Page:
Just as the prisons are full of inmates who maintain they are innocent, courthouses overflow with defendants who contend they were robbed of their rights. On Wednesday, the burly William Beavers is claiming both in his appeal.
Beavers' appeal for a new trial involves race. Lawyers for beavers-- who is African American--say it was unfair that he was convicted by an all-white jury, and they say, illegal.
"I'm not a criminal. I haven't stolen a dime," said Beavers.
It wasn't a dime, it was more than $300,000 in campaign and public funds that Beavers spent on himself, mostly in the casinos.
Despite his boisterous insistence that he did nothing wrong, 12 federal jurors were unanimous that he did.
But on Wednesday, Beavers' appeal attacks the make-up of the jury, noting that the jury pool had zero African American men from which to choose; an exclusion that they say violated Beavers' right to a jury composed of a fair cross-section of the community.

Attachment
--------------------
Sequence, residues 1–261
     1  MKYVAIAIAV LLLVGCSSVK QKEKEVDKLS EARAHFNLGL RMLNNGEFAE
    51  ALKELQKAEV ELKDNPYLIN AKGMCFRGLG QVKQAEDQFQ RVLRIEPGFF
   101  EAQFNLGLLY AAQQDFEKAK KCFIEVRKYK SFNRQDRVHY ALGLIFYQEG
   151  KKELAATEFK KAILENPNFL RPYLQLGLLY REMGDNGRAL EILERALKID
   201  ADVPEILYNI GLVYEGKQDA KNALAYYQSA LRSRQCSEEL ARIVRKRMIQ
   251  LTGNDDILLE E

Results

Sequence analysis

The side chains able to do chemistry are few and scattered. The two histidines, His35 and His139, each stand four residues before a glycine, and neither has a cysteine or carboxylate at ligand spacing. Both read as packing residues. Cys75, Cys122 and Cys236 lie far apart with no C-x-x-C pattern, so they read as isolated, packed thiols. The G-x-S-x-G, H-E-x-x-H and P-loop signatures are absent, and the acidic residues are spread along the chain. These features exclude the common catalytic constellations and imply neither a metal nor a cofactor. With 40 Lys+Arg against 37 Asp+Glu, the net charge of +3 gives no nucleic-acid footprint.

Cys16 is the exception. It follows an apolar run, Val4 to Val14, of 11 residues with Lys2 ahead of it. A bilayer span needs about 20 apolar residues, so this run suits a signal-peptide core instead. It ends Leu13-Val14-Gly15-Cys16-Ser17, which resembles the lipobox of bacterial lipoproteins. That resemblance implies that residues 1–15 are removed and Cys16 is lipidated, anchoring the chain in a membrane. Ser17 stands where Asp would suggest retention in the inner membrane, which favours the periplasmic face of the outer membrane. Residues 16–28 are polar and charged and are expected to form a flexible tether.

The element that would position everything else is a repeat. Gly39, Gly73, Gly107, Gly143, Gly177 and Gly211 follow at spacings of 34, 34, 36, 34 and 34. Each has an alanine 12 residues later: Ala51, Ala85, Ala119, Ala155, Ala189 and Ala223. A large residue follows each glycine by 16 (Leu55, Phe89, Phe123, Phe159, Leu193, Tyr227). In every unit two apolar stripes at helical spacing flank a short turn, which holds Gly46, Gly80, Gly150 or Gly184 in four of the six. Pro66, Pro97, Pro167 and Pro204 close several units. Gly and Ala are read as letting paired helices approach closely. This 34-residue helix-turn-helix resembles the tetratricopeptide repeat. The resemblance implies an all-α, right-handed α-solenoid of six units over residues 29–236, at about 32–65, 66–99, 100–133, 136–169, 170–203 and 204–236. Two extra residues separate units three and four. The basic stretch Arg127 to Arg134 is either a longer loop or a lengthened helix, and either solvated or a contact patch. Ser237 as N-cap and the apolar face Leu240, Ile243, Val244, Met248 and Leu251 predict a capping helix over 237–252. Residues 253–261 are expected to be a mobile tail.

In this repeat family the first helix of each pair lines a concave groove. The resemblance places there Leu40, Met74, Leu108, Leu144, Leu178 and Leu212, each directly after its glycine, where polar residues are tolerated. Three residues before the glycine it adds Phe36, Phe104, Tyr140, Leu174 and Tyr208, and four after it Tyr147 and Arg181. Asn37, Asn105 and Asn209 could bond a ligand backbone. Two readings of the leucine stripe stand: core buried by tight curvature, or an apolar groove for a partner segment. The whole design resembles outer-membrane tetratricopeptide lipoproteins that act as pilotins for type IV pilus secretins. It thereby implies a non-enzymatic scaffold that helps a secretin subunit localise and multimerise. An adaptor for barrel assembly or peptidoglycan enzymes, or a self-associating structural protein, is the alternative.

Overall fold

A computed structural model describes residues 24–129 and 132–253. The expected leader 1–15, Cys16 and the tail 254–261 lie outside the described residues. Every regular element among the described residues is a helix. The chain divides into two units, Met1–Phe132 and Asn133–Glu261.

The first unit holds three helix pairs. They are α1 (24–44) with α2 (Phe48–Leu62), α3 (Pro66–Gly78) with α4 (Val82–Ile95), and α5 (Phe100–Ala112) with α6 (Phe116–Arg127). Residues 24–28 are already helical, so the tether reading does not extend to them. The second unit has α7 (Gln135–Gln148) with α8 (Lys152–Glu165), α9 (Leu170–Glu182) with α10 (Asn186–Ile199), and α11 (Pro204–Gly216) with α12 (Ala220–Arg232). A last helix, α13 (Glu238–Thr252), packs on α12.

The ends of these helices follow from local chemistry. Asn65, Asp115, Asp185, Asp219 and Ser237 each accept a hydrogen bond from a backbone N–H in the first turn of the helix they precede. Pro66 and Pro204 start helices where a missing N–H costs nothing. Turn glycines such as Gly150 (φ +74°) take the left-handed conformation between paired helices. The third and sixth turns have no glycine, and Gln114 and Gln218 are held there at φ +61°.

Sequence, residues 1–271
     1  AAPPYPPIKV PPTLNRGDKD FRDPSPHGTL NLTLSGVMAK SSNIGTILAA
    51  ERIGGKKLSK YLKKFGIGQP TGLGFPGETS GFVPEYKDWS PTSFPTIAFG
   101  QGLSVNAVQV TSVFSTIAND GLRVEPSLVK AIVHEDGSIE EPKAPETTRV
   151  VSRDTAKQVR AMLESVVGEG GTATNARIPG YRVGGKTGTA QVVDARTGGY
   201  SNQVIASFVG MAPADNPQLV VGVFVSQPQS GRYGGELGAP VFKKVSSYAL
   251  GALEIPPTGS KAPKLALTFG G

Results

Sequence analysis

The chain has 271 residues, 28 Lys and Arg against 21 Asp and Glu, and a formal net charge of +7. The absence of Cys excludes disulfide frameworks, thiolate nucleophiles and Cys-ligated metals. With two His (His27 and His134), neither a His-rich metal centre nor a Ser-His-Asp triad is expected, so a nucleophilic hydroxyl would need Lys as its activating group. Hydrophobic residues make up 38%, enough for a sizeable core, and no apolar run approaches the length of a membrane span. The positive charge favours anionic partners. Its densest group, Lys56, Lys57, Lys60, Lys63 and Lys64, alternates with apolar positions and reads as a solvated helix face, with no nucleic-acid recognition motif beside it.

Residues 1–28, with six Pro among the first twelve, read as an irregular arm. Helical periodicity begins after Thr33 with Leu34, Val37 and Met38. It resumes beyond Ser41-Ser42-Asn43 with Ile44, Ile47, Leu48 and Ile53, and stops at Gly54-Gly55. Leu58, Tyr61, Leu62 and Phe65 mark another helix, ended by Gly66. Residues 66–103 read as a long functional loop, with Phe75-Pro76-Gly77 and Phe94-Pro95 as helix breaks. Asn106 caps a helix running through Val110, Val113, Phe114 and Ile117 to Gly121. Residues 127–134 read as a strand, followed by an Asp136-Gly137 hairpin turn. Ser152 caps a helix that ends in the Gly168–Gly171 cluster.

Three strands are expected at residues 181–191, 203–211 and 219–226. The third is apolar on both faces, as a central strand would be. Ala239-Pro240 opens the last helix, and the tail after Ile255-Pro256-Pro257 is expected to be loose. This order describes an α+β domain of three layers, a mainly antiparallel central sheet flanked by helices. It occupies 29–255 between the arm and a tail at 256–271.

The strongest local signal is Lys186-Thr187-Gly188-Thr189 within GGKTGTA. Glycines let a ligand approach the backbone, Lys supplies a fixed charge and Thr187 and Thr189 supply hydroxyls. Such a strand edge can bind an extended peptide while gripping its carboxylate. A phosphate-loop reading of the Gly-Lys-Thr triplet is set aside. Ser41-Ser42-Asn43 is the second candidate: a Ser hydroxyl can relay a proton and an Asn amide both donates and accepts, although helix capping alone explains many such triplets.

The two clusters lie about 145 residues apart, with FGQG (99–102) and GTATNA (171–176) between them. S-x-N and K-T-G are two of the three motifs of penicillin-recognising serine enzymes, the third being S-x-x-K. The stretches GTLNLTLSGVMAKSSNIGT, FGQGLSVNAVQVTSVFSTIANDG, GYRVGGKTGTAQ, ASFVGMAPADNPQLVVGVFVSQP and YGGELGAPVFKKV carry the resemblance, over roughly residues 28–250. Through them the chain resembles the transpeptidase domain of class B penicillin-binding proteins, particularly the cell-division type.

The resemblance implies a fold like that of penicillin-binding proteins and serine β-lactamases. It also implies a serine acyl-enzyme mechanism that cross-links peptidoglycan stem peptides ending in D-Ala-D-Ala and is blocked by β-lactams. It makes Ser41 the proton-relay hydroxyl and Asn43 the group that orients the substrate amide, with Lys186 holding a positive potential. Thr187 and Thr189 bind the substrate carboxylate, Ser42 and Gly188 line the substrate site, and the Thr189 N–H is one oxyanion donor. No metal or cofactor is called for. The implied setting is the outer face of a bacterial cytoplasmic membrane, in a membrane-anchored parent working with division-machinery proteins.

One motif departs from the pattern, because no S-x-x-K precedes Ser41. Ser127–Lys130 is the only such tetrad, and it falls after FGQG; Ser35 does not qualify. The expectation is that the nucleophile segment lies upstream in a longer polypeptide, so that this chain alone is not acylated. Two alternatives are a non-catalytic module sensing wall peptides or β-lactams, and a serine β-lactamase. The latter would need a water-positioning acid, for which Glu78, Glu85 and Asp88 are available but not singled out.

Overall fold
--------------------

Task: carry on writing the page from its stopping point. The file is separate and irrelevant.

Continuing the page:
At the federal prison hospital in Rochester, Minn., the ex-alderman and county commissioner is in the second month of a six-month sentence. But back at the Dirksen Federal Building, his motion for a new trial suggests he might never have been convicted were it not for a "systematic exclusion of black men in the district" to serve on juries, because they say prospective jurors were pulled from voter registration records where black males disproportionately underrepresented.
Bolstering Mr. Beavers appeal is this: the jury rules changed just after he was convicted, a change aimed at widening the pool of possible jurors. Instead of picking names only from voter rolls, the federal courts now use driver's license and state ID lists as well. Beavers' lawyers say that if the new rules had been in place for his trial, the jury might not have been all white.